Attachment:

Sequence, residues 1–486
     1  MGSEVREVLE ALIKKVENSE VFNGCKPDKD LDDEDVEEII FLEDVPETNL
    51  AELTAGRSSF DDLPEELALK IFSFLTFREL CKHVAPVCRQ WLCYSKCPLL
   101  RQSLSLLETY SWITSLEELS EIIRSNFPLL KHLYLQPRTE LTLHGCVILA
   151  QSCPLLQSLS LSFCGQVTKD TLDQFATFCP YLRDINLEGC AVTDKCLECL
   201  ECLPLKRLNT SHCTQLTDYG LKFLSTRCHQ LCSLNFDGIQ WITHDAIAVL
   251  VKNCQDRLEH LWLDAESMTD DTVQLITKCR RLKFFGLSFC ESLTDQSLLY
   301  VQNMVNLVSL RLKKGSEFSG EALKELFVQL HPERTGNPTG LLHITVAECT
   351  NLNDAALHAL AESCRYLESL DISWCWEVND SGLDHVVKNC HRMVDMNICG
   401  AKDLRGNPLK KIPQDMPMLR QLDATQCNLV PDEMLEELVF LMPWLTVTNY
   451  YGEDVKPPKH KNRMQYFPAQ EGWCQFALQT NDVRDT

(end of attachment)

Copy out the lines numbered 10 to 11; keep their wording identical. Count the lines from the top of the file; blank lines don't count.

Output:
   401  AKDLRGNPLK KIPQDMPMLR QLDATQCNLV PDEMLEELVF LMPWLTVTNY
   451  YGEDVKPPKH KNRMQYFPAQ EGWCQFALQT NDVRDT